Asteroid impacts on Earth became more frequent around 290 million years ago, according to scientists.

The Earth has been hit by asteroids for nearly a billion years now, but our planet's atmosphere has succeeded in stopping most of them from bringing about a catastrophe. Some of them, however, still managed to pierce through the shield provided by the atmosphere and hit Earth, including the space rock that caused the extinction of the dinosaurs 66 million years ago. And it seems the asteroid impacts have only become more frequent, but scientists are still baffled as to why this is so.

A study published in the journal Science showed that the number of asteroids that actually hit the surface of the Earth and the Moon doubled or tripled in amount starting from the Paleozoic era, which was between 544 to 245 million years ago.

The study's lead author Sara Mazrouei, a recent PhD graduate of the Department of Earth Sciences in the Faculty of Arts & Science at the University of Toronto (U of T), said that the rate of asteroid impacts is currently 2.6 times higher than it was prior to 290 million years ago.

"It was a painstaking task, at first, to look through all of these data and map the craters out without knowing whether we would get anywhere or not," Mazrouei said in a statement.

Scientists previously thought that craters created by asteroid impacts that were older than 290 million years had disappeared due to erosion and other geologic processes. However, Rebecca Ghent, co-author of the study and associate professor in U of T's Department of Earth Sciences, said the reason why there are less older craters on Earth is that the rate of asteroids entering the planet and hitting the surface was much lower at the time.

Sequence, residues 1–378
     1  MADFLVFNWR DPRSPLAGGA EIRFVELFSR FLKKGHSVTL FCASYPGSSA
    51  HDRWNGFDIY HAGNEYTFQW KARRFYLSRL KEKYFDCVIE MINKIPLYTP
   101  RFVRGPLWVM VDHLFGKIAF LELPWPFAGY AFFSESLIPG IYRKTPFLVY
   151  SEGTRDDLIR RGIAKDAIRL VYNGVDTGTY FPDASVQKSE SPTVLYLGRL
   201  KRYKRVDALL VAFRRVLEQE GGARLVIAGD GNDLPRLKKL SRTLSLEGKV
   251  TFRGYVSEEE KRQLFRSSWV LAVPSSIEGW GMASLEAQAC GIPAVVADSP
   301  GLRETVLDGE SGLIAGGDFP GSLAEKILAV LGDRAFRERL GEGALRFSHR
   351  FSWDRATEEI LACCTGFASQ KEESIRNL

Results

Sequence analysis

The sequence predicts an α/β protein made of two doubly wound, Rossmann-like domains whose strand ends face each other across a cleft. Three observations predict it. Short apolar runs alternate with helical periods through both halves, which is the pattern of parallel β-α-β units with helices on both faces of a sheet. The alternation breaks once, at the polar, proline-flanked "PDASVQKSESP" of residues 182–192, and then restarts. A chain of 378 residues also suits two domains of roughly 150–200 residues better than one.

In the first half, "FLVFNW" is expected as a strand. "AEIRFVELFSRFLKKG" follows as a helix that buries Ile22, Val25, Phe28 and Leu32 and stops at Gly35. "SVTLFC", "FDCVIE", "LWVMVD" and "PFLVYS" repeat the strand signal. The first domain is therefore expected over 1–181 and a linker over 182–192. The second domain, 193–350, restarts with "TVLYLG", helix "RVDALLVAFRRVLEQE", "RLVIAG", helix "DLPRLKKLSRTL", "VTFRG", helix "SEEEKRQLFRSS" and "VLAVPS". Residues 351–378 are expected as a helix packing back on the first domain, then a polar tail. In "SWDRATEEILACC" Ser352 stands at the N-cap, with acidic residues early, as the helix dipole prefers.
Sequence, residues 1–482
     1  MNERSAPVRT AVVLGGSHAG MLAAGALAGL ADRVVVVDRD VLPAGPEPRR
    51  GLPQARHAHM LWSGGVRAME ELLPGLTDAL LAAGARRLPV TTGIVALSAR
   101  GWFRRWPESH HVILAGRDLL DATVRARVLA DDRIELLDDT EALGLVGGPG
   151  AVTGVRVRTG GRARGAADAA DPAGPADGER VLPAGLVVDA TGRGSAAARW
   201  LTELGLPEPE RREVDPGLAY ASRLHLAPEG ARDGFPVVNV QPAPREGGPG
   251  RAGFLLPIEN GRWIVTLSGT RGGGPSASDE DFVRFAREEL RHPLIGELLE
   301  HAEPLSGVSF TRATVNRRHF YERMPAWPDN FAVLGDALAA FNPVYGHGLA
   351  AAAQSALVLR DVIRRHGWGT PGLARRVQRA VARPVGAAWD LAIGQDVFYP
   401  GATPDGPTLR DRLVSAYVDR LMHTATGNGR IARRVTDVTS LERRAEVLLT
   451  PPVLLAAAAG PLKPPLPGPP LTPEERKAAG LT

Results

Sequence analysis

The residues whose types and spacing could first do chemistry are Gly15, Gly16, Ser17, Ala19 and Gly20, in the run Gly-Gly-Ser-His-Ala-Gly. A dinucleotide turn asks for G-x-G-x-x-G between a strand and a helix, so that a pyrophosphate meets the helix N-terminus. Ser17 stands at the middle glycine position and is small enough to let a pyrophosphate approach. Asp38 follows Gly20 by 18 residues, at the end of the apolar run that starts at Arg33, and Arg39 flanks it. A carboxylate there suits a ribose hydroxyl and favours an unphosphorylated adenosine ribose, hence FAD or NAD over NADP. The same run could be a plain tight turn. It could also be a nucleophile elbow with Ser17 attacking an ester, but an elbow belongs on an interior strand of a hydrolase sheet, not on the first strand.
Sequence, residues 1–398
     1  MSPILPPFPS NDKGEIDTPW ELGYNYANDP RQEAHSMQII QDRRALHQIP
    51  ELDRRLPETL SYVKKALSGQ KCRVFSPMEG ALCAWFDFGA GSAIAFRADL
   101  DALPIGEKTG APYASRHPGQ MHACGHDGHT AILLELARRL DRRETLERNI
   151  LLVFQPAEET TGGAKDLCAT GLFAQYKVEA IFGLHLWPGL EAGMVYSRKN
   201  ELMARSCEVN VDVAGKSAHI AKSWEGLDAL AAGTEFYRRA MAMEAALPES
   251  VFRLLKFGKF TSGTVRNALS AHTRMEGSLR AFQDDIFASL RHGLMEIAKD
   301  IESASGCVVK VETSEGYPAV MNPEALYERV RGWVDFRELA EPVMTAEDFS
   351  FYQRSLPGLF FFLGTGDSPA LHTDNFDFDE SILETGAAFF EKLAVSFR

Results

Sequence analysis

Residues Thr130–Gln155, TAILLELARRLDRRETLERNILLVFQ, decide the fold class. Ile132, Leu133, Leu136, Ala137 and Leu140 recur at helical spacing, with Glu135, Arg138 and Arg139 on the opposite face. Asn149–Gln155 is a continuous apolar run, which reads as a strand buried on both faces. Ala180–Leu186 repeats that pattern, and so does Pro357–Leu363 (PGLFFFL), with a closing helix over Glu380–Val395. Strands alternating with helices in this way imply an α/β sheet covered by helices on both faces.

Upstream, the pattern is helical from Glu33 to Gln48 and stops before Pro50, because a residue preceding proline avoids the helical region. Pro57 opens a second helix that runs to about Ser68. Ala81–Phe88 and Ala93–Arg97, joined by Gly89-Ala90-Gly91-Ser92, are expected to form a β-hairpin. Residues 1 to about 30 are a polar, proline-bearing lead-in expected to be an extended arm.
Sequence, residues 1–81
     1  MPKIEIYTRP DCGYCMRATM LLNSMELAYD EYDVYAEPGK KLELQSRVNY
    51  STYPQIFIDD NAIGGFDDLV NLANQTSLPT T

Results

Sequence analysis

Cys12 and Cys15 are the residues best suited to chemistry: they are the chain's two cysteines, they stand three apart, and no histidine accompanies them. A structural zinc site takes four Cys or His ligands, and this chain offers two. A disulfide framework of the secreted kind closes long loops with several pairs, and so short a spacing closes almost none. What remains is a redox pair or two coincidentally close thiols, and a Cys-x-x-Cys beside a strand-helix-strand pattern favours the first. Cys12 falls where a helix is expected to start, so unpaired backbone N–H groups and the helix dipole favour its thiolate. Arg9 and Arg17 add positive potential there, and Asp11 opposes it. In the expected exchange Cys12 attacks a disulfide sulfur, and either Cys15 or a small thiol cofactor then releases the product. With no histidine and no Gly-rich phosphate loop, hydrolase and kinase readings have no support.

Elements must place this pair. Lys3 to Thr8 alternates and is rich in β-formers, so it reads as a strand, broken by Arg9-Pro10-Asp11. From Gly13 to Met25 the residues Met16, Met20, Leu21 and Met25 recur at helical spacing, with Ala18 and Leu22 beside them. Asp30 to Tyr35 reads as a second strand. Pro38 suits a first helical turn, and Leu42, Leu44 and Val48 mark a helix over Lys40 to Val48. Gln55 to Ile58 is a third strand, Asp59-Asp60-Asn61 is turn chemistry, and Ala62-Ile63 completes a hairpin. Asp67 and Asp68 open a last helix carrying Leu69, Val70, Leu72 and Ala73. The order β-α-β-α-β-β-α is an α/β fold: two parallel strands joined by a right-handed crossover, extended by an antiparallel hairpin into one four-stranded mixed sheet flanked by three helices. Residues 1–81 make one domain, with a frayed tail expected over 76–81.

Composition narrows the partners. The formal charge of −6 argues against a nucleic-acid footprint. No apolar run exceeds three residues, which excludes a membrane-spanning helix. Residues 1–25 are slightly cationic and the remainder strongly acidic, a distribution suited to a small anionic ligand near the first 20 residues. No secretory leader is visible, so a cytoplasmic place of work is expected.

"The relative rarity of large craters on Earth older than 290 million years and younger than 650 million years is not because we lost the craters, but because the impact rate during that time was lower than it is now," Ghent said. "We expect this to be of interest to anyone interested in the impact history of both Earth and the Moon, and the role that it might have played in the history of life on Earth."

For decades, scientists have been trying to determine how often asteroid impacts occur with the use of radiometric dating on the rocks around the craters to calculate their ages. However, due to the initial belief that craters were erased by erosion over time, an accurate impact rate had never been calculated. Scientists had also been unable to determine if the rate changed over the years. 

Scientists previously studied the rate of asteroid impacts on the Moon, which has been hit in the same proportions over time as Earth. NASA's Lunar Reconnaissance Orbiter (LRO), which began orbiting the Earth's natural satellite 10 years ago and studying its surface, provided data for scientists to be able to determine the ages of the craters on the Moon.

With the use of data from LRO's Diviner instrument, a radiometer that measures the heat radiating from the Moon's surface, LRO project scientist at NASA Goddard Space Flight Center Noah Petro and his team monitored the rate of degradation of young craters. They were then able to create a list of the ages of all asteroid impact craters on the Moon that were younger than 1 billion years.

When scientists compared the ages of the Earth's craters to that of the Moon's, it was found that our planet and its satellite had the same amount and rate of asteroid impacts.

"It became clear that the reason why Earth has fewer older craters on its most stable regions is because the impact rate was lower up until about 290 million years ago," William Bottke, another co-author and an asteroid expert at the Southwest Research Institute in Boulder, Colorado, said. "The answer to Earth's impact rate was staring everyone right in the face."

It is still unclear why the rate of asteroid bombardment tripled within the last 290 million years. For now, scientists believe that the increase may be connected to the large collisions in the main asteroid belt between the orbits of Mars and Jupiter around 300 million years ago. The collision may have produced space debris that reached as far as Earth and the Moon.